A crowd of ultra-orthodox men gather at a bus stop while Tanya Rosenblit refuses to sit in the back of the bus.

Story highlights

Women sit in the back portion of the bus because ultra-Orthodox avoid mingling of sexes

Tanya Rosenblit was first passenger that morning on bus and took a seat behind the driver

Rosenblit: 'I live in an Israeli democracy, people cannot tell me where to sit on a bus'

Supreme Court: Involuntary separation between sexes on public buses against the law

Jerusalem CNN  — 

When Tanya Rosenblit boarded an inter-city bus bound for Jerusalem from her native Ashdod Friday morning, she did not anticipate the storm it would spark within Israel.

The public bus she boarded normally carries ultra-Orthodox passengers and travels to an ultra-Orthodox neighborhood in Jerusalem.

As a matter of custom women sit in the back portion of the bus, because the ultra-Orthodox avoid mingling of the sexes according to their beliefs. She was the first passenger that morning on the bus and took a seat behind the driver. As the bus took on more passengers along its route, an ultra-orthodox man demanded she should sit in the back of the bus as is the custom on that route.

“I heard him call me ‘Shikse,’” Rosenblit wrote on her Facebook page, referencing a Yiddish term for a non-Jewish woman. “He demanded I sit in the back of the bus, because Jewish men couldn’t sit behind women (!!!). I refused.”

“This is my home town of Ashdod, I live in an Israeli democracy, people cannot tell me where to sit on a bus.”

An argument ensued and ultimately the bus driver called the police to intervene, but not before a crowd of black-clad ultra-orthodox men had gathered outside the bus.

“I was starting to get scared, to tell you the truth,” Rosenblit recalled. “There were like 20 of them, all wearing black. Most of them were just curious, but they were definitely on his side.”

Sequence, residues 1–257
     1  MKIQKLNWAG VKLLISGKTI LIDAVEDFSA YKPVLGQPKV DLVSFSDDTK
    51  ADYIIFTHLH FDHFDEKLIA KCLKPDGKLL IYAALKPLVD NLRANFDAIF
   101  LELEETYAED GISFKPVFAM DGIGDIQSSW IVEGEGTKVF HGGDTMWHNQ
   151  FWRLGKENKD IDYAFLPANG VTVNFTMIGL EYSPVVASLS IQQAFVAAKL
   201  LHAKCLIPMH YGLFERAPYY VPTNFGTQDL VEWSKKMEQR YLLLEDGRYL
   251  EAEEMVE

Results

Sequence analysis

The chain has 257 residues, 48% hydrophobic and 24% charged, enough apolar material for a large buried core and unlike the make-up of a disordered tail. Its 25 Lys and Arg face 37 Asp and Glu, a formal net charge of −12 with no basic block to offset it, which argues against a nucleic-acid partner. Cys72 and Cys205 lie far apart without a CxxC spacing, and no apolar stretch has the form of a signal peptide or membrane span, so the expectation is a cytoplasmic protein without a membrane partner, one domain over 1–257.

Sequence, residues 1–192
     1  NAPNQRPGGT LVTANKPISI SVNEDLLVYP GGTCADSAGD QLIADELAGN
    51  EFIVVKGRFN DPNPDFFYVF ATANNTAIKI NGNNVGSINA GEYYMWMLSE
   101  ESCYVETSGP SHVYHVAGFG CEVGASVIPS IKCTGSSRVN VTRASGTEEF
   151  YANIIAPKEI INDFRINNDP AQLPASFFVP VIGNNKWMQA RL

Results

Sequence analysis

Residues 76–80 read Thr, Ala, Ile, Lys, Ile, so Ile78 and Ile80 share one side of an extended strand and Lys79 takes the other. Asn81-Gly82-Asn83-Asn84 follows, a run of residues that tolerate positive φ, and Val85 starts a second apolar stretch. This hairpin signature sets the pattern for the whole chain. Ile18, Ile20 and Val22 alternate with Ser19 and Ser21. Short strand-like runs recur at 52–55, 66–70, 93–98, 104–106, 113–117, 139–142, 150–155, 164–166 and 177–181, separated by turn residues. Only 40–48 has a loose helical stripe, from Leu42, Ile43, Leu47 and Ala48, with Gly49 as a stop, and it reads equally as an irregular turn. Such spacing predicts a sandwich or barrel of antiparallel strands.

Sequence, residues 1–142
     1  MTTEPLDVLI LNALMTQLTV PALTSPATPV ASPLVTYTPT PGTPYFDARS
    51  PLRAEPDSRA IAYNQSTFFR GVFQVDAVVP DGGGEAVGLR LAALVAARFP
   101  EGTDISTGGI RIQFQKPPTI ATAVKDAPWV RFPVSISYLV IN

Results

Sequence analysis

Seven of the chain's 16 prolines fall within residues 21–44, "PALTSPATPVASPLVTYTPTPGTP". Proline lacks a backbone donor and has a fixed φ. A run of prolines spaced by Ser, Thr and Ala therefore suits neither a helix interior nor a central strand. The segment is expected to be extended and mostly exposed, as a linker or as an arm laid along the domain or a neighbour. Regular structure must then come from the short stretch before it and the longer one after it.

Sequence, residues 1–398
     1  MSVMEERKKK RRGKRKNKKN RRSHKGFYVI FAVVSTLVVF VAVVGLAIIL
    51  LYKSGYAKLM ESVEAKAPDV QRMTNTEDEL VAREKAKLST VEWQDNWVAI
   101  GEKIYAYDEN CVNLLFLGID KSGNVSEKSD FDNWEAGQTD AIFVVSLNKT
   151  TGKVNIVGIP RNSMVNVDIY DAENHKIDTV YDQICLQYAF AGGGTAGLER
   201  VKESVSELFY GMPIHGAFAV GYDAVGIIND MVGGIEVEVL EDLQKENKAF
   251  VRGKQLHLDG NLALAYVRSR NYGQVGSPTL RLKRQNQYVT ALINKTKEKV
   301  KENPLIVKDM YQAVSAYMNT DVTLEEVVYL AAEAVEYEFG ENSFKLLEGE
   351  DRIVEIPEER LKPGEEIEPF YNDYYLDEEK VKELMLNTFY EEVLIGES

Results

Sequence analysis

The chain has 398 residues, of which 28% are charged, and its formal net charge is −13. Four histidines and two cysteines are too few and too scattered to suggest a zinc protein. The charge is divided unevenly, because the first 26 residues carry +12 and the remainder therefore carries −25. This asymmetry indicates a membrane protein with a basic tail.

Rosenblit snapped throughout this disruption, and said she was comfortable knowing that Israeli law was on her side.

In a case brought by an Israeli woman earlier this year, the country’s Supreme Court ruled that involuntary separation between the sexes on public buses was against the law.

The responding police officer tried to talk to everyone and calm things down. Rosenblit said he asked if she was willing to show respect for the objectors and move to the back of the bus. She refused and, after a 30-minute delay, the bus moved on to Jerusalem with her sitting up front.

A day after posting the account on Facebook, Rosenblit’s story was picked up by the Israeli media, which has been devoting a lot of coverage to the public outcry over the growing political power of the ultra-Orthodox in Israel, and fears they are forcing the generally secular Israeli public to adopt their religious standards.

Israel’s largest circulation newspaper put her story on its front page with the headline, “They Won’t Tell Me Where to Sit,” and compared Rosenblit to the American civil rights movement’s legendary Rosa Parks.

On Sunday, Israeli Prime Minister Benjamin Netanyahu brought up her story in his weekly cabinet meeting.

“Up until this day we have agreed to live in peace with mutual respect by all sectors of the Israeli society,” he told his government ministers.

“In recent days we witness attempts to break this coexistence apart. Today, for example, I have heard of an attempt to move a woman from her seat on a bus. I oppose this unequivocally. I believe we must not allow margins groups to break our common denominator and we must keep our public spaces open and safe for all of our citizens. We must find the uniting and mediating ground rather than the things that divide and separate us.” Netanyahu said.

Rosenblit also received a call from Israel’s opposition leader, Tzipi Livni, who offered her support and called her a symbol of determination against “anti-democratic radicalization that pushes women away from the public space.”

A spokesman for Egged, the transportation company that runs the bus line, told CNN in a statement that it “does not deal with seating arrangements” on its buses and that “even if there are population groups that prefer to sit separately due to their beliefs, it is a voluntary choice and does not bind the other passengers.”

Rosenblit describes herself as secular and said she did not ride the bus looking for a confrontation. She said what motivated her to write about her experience was not “not to declare the Orthodox Jews as pure evil and the oppressors of human rights and liberties,” but to point out what she sees as societal problem in Israel.

“There are a lot of lovely things about religion, but forcing people to choose religion is wrong,” she said.

“It is wrong to use religion as an excuse to eliminate people’s basic rights: the right for freedom and the right for dignity.”